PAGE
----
Haiti has used CHWs since the early 1980s for the promotion of vaccination, behavioral change communication, maternal and child health, nutrition and weight monitoring and later HIV and tuberculosis treatment support and supervision [20]. However, evidence on the effectiveness of such programs are limited. In Southern Haiti, the St. Boniface Haiti Foundation (SBHF) relies heavily on a network of 72 CHWs to carry out community-based primary health care programs in Fond des Blancs and Villa, two predominantly rural regions of approximately 65,000 inhabitants. SBHF CHWs, also known as Collaborateurs Volontaires or Colvols conduct monthly vaccination rally posts where children accompanied by their mothers/caregivers receive vaccination, weight monitoring and behavior change communication. The SBHF community outreach program is modeled after a similar program started in the early 1980s by Hôpital Albert Schweitzer in Artibonite, Haiti [21]. Initially trained by the Catholic Relief Services, SBHF Colvols are teachers, religious and political leaders in their community. Each Colvol maintains a registry with the names of all children under 5 years and pregnant women in their respective communities and reports on the health status of these groups to SBHF Community Health staff on a monthly basis. SHBF Colvols receive annual refresher training from SHBF nurses trained in Community Health. SBHF has been servicing the Southern region of Haiti for over 30 years and CHWs are an integral part of their community outreach activities.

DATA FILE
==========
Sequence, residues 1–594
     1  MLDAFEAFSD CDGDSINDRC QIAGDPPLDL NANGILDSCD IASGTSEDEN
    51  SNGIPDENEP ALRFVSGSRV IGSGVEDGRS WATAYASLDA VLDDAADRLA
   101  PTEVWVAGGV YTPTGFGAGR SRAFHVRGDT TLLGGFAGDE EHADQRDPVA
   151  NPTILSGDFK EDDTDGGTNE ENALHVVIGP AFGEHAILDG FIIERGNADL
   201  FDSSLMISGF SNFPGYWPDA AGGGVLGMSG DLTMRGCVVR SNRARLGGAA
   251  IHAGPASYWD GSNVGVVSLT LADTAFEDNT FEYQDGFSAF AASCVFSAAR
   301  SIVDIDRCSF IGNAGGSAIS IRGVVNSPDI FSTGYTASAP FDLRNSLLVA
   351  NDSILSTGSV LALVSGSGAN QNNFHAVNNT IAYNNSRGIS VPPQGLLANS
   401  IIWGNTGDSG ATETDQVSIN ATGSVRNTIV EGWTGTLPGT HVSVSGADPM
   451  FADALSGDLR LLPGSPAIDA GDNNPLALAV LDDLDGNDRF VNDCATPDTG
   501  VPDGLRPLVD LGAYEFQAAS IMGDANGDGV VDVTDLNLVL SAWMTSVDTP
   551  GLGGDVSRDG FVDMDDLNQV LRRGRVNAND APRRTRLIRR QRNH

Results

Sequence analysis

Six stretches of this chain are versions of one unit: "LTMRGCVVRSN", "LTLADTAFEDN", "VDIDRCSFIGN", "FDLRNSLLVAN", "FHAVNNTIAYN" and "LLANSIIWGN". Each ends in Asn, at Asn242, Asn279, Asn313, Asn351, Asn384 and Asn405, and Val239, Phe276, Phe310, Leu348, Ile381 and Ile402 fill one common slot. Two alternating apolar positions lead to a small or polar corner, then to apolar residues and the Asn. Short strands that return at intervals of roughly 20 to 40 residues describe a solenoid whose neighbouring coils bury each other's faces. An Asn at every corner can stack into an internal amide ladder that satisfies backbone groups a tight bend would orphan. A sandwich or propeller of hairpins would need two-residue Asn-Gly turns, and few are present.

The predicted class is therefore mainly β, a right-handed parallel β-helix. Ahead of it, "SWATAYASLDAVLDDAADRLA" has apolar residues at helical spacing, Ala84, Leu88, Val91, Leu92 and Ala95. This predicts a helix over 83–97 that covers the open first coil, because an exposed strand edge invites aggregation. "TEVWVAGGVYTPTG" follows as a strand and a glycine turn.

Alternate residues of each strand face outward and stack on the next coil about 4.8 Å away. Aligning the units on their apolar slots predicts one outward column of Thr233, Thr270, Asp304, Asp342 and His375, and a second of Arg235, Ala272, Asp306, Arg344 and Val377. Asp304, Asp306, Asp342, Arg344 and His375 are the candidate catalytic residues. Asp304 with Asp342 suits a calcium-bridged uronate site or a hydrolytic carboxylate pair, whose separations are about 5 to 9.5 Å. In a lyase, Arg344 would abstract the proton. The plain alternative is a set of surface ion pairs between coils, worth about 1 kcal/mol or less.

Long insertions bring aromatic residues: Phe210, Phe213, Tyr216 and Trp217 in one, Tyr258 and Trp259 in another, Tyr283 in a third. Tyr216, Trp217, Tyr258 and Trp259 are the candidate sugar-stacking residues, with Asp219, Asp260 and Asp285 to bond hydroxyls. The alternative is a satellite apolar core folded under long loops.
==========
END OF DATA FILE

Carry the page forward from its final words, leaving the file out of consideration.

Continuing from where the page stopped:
In 2011, with a grant from UNICEF Haiti, SBHF carried out an evaluation of their community-based nutrition, maternal and child health programs in preparation for implementation of a project to improve these outcomes in the population. In Haiti the prevalence of anemia among children 6 to 59 months is 65.0% [22]. In addition, urban children are more likely to be anemic compared to rural Haitian children, 66.0% compared to 64.5% [22]. Findings from the evaluation showed that in the predominantly rural SBHF catchment area, 38.8% of children are anemic, a significantly lower prevalence than recorded elsewhere in Haiti [23]. The evaluation also presented an opportunity to measure the effect of the long standing CHW intervention on maternal knowledge of key child health practices and potential impact on childhood IDA in the region. Using structural equations and mediation analyses, we tested the hypothesis that contact with CHWs would have a direct effect on maternal knowledge and an indirect effect through maternal knowledge to reduce childhood IDA in the SBHF catchment area.